Chronic obstructive pulmonary disease: pulmonary emphysema and chronic bronchitis ICD-9: 491.21 Description Chronic obstructive pulmonary disease (COPD) is a functional diagnosis given to any pathological process that decreases the ability of the lungs and bronchi to perform their function of ventilation. It is an umbrella term that includes pulmonary emphysema and chronic bronchitis. COPD affects 12 million Americans, and it is estimated that 12 million more are undiagnosed. It is a common cause of death and disability in the United States. Pulmonary emphysema (ICD-9:492) is the permanent enlargement of the air spaces beyond the terminal bronchioles resulting from destruction of alveolar walls. As a consequence of this destruction, the lungs slowly lose their normal elasticity. Air reaches the alveoli in the lungs during inhalation but may not be able to escape during exhalation. Evidence suggests that some forms of the emphysema may be hereditary. In rare instances, emphysema is associated with a deficiency of a1-antitrypsin, a protein that plays a role in ...
ALLERGIC RHINITIS ICD-9: 477.9 Description Rhinitis is inflammation of the nasal membranes. Allergic rhinitis is the most common type of rhinitis. It occurs when there is an allergic reaction to particles in the air. The immune system attacks the particles, causing sneezing and rhinorrhea. Allergic rhinitis is very common, affecting about 20% of the population. The eyes, ears, sinuses, and throat can become inflamed, also. It can be acute or chronic. Etiology The inflammation resulting from rhinitis is triggered by an immunoglobulin E(IgE)–mediated response to an allergen, such as pollen, dust, animal dander, smoke, or mold. When the reaction is caused by pollen, the name hay fever is often used. Pollens that cause a reaction vary among persons and regions. Hot, dry, windy weather with increased amounts of pollen in the air from trees, grasses, and ragweed produce the most symptoms. Allergic rhinitis can coexist with eczema, asthma, and nasal polyps. There is a strong genetic component to alle...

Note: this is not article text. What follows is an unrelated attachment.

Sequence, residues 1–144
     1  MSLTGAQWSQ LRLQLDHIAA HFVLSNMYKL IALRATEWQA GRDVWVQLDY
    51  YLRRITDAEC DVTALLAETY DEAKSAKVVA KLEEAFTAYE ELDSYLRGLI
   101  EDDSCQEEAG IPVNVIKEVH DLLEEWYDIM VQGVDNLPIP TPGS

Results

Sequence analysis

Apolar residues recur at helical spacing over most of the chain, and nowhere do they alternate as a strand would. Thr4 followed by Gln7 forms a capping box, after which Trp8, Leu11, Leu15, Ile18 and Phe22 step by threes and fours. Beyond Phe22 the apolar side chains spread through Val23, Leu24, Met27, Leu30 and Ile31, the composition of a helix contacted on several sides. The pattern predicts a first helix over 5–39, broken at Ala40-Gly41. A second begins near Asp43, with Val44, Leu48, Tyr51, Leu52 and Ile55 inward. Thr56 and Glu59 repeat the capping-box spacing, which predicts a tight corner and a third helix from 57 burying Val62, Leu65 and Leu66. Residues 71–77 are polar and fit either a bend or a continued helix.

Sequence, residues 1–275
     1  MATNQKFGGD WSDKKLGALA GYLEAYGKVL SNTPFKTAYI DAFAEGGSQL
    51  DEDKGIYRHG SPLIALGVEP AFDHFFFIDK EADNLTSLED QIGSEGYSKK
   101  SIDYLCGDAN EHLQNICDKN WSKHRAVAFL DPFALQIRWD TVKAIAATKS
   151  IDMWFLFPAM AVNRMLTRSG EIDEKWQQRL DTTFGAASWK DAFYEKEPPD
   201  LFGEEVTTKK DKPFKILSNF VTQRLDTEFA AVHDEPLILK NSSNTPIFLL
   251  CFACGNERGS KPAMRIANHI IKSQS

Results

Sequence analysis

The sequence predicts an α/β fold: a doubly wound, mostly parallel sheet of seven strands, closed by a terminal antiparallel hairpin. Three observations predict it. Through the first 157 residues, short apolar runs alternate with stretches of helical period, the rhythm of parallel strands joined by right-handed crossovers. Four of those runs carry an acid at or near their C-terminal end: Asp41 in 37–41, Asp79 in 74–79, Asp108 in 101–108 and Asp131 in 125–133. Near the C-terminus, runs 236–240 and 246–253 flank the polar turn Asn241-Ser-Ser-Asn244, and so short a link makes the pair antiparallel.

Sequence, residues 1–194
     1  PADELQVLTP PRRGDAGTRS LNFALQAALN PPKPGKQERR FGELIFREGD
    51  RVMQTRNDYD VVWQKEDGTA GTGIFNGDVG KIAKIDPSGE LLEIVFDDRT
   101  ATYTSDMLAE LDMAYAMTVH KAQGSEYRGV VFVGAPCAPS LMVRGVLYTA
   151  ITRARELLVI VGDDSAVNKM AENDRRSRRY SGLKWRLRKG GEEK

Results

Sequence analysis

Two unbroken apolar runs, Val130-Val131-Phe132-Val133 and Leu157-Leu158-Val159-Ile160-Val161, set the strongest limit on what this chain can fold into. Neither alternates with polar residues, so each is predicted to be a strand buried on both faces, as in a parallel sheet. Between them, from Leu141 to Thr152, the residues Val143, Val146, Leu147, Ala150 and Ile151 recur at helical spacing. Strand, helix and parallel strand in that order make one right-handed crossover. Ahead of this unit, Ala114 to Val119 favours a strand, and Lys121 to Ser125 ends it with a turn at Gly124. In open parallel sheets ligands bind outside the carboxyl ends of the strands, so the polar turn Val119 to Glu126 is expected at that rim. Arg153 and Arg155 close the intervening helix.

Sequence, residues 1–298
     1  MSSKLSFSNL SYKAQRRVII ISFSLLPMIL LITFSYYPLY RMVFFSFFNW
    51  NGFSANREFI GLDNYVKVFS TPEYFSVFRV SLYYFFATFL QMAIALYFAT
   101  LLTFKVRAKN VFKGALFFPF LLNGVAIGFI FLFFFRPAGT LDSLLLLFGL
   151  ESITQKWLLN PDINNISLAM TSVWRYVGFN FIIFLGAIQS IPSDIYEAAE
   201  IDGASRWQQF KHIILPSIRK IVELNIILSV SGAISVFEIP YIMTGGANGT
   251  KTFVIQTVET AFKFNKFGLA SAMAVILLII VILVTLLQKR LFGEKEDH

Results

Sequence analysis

Anthracosis ICD-9: 505 Description Anthracosis, also called black lung disease or coal worker’s pneumoconiosis, is caused by the accumulation of carbon deposits in the lungs. Simple anthracosis shows small lung opacities. Complicated anthracosis exhibits massive fibrosis in the lungs. Etiology Anthracosis results from inhaling smoke or coal dust. Workers in the coal mining industry are those most likely to develop the disease. Anthracosis frequently occurs with silicosis. Exposure of 15 years or longer is usually required before symptoms develop. Signs and Symptoms Exertional dyspnea, productive cough with inkyblack sputum, and recurrent respiratory infections are common symptoms. Diagnostic Procedures A thorough medical history and physical examination revealing exposure to coal dust are essential and may reveal a barrel chest, rales or crackling sounds in the lungs, a rattling in the throat (rhonchi), and wheezing. Chest x-rays, pulmonary function studies, and arterial bloo...
Cor pulmonale ICD-9: 416.9 Description Cor pulmonale is hypertrophy and failure of the right ventricle of the heart. Lung disease may cause pulmonary hypertension. As a result, the workload of the heart is increased, and the right ventricle hypertrophies in an effort to force blood into the lungs. Eventually the right ventricle is weakened by this effort, and blood pools in the right ventricle. Etiology Cor pulmonale is caused by various disorders of the lungs, the pulmonary vessels, or the chest wall that impede pulmonary circulation. Disorders that may lead to cor pulmonale include COPD, bronchiectasis, pneumoconiosis, pulmonary hypertension, kyphoscoliosis (abnormal backward and lateral curvature of the spine), multiple pulmonary emboli, upper airway obstruction, and living at high altitudes. The condition may be acute but is more commonly chronic. Signs and Symptoms Signs and symptoms include a productive, chronic cough; exertional dyspnea; fatigability; and wheezing respirations...
Pulmonary embolism ICD-9: 416.2 Description A pulmonary embolism is a mass of undissolved matter in the pulmonary artery or one of its branches. It is the most common pulmonary complication among hospitalized individuals with about 250,000 incident cases occurring annually. It is not considered a disease itself but is a complication of venous thrombosis. It is potentially lethal. Etiology FIGURE. Embolism. (From Thomas, CL : Taber’s Cyclopedic Medical Dictionary, ed 21. FA Davis, Philadelphia, 2005, p 744, with permission.) A pulmonary embolism generally originates in the pelvic veins or deep lower extremity veins and travels through the circulatory system until it blocks a pulmonary artery. At high risk for pulmonary emboli are individuals immobilized with chronic diseases, those in body casts, persons with congestive heart failure or neoplasms, and postoperative clients. Also at risk are pregnant women; women taking oral contraceptives; and individuals with venous diseases, such as var...